K.R.: How does this mosaic of public institutions translate into the well-being of the average citizen of Brussels?
L.U.: Public life in Brussels is chiefly concentrated in municipalities. The municipality issues passports and IDs, provides money to poor people, establishes parking zones, supplies funds to hospital, etc. It’s not the ministries that solve people’s problems. There is no bond between the citizens and the ministries. There is a bond between the citizens and the municipalities. I have never been to a ministry, but I have visited the municipality very often. I am not a citizen of Brussels, I am a citizen of the municipality of Woulwe-Saint-Lambert. It is my actual homeland, in this respect. The ministry is beyond my reach. I imagine that this sense of regionality, which is extremely strong in Flanders, and quite considerable in Wallonia, has not yet reached such levels in Brussels. In the capital city, even considering its cosmopolitan character, everyone refers to himself or herself as a citizen of Belgium rather than of Brussels.
K.R.: Is there a tolerance limit between the Flemish and Walloons?
L.U.: Most certainly, especially in Flanders, where demonstrators shout: “Let Belgium die!” Nationalists will not be easy to eliminate. It won’t be easy to get rid of the nationalists. Vlaams Belang is a very racist, anti-Belgian party.
K.R.: Are Belgians xenophobic?
L.U.: I used to say they are not xenophobic, because they hate each other so much that they’ve exhausted their hatred. But I wouldn’t say that today. Some changes have obviously occurred that are mainly connected with the crisis, which have lowered people’s tolerance to each other. The conflicts only involve fighting over money. Flanders believes that it subsidises every Walloon. What deepens the problem is the inflow of Muslim migrants and their poor integration, which has been hindered by the Flemish-Walloon social issues. There is this thing as “civilisation shock”. You don’t really pay attention to it when you’re prosperous. Due to the crisis and the disturbing (almost 18 per cent) unemployment rate in Brussels, an unemployed Belgian will act like a European, but a Moroccan may act very differently.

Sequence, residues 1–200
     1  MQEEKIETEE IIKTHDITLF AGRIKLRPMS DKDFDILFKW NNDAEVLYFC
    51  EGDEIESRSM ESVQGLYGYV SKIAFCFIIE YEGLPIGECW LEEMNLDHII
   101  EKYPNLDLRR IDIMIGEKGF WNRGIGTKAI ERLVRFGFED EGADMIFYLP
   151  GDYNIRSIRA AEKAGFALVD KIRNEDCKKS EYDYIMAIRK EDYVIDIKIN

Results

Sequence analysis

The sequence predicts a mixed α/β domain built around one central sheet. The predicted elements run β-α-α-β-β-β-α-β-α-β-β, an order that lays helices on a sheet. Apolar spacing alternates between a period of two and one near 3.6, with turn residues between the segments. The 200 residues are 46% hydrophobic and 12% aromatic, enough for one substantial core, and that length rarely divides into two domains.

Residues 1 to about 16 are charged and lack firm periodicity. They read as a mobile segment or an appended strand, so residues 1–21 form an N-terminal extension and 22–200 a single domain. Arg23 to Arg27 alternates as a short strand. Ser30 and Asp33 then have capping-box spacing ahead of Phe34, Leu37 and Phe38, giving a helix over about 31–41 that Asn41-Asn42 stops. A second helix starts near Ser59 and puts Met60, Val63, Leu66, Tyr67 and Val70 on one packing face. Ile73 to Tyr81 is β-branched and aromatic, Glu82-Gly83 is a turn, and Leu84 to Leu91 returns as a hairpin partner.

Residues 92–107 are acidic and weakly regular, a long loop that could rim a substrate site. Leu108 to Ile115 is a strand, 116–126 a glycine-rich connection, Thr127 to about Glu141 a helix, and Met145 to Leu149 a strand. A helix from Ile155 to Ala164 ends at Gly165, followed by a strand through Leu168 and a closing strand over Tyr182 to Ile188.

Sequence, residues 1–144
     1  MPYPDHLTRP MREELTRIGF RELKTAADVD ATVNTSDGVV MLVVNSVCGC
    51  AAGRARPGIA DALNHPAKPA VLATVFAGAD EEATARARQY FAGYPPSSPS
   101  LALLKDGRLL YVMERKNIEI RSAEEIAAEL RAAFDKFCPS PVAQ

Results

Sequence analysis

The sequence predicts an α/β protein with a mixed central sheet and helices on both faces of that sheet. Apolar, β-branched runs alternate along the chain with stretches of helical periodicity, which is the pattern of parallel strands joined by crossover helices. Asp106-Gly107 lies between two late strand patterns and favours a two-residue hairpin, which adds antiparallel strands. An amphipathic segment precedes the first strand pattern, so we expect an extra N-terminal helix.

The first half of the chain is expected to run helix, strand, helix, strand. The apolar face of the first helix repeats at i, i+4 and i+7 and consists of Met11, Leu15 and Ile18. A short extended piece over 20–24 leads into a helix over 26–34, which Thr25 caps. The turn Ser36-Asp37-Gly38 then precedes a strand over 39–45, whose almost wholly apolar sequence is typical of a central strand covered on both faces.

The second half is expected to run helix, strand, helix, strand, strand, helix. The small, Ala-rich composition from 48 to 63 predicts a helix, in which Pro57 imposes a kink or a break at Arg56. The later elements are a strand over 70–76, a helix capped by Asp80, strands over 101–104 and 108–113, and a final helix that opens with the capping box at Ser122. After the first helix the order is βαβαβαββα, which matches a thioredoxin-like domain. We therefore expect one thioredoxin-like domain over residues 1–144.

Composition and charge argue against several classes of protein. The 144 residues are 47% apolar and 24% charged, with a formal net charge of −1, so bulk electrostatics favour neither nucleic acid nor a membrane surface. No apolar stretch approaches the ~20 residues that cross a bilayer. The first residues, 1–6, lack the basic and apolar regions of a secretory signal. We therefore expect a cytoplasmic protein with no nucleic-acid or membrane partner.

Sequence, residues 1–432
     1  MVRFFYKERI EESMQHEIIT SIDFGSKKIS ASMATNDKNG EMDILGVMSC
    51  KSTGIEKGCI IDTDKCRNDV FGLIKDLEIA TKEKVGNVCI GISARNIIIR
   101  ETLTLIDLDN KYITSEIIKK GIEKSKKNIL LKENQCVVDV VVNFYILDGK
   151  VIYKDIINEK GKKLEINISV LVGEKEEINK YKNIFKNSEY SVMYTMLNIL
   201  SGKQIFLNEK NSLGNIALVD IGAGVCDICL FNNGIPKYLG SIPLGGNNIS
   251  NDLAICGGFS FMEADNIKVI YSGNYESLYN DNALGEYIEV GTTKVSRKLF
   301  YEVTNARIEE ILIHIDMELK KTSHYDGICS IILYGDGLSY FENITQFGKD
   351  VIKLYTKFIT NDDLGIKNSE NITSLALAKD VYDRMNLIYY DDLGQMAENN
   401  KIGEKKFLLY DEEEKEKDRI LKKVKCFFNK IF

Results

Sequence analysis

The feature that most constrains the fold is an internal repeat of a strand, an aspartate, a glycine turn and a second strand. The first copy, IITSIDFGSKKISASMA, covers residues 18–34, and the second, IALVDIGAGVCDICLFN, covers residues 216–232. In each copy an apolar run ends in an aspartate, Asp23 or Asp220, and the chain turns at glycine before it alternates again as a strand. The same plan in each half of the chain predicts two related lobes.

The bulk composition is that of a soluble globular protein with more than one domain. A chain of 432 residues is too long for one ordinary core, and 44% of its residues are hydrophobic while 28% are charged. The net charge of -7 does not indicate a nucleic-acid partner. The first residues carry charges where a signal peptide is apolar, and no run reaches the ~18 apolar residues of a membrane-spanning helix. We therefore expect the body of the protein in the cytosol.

K.R.: In crises, people’s attitudes become more radical, as a rule.
L.U.: In crises as well as due to poverty and propaganda. There are a number of different forces operating in Brussels. Belgium is covered by a network of mosques, many of which are small, privately owned. I was criticised in some circles, when I meddled in their affairs in Le Soir. Belgians were only xenophobic towards each other. You could sense alienation, but not a hostility. Different standards of living, especially in Brussels, when – due to the crisis – state finances began decreasing, intensified the antagonisms among people. European Union officials pay minimum tax, which arouses further discontent. Belgians know what cars the Eurocrats drive and where they live. If we compared the salaries of a European commissioner or the head of the European Council and those of an average citizen, we would see an immense disparity, which deepens the gap and the feeling of alienation. Envy is the most common and most human of feelings. Poverty makes people less patient and less empathetic towards strangers. It’s normal.
K.R.: The disputes over language and the division of Brussels-Halle-Vilvoorde have become inherent to the sphere of political conflicts in Belgium. How do you rate the Belgian political class in this light?
L.U.: Particracy is very strong in Belgium, and, at the same time, the standards of the political class are very high. I will use an example here. Appointing Herman Van Rompuy, the President of the European Council, was the subject of public discussion. Powerful European states have been criticised for the fact that they did not want to make the head of the EU a strong man and an aggressive, tough talker. The appointment of Van Rompuy has not changed anything in this respect. He is a wise, dignified experienced mediator, a prudent man, an excellent diplomat, who can reconcile different posts. Let us harbour no illusions about it. In a situation where big capital cities are bound to dominate Europe, especially such domains as foreign policy, even if the Council was presided over by a politician from another country, it would not change a thing. The interests of the largest countries, including Germany and France, are not always compatible with the interests of Estonia or even Poland. They will never give up their interests for the sake of Europe. To them, all other countries should adjust their policies in their favour.
K.R.: Would you say there is a European public opinion?
L.U.: No, there is no such thing. We have constructed Europe. Now we need to construct Europeans.
K.R.: What do you mean? We are European, after all.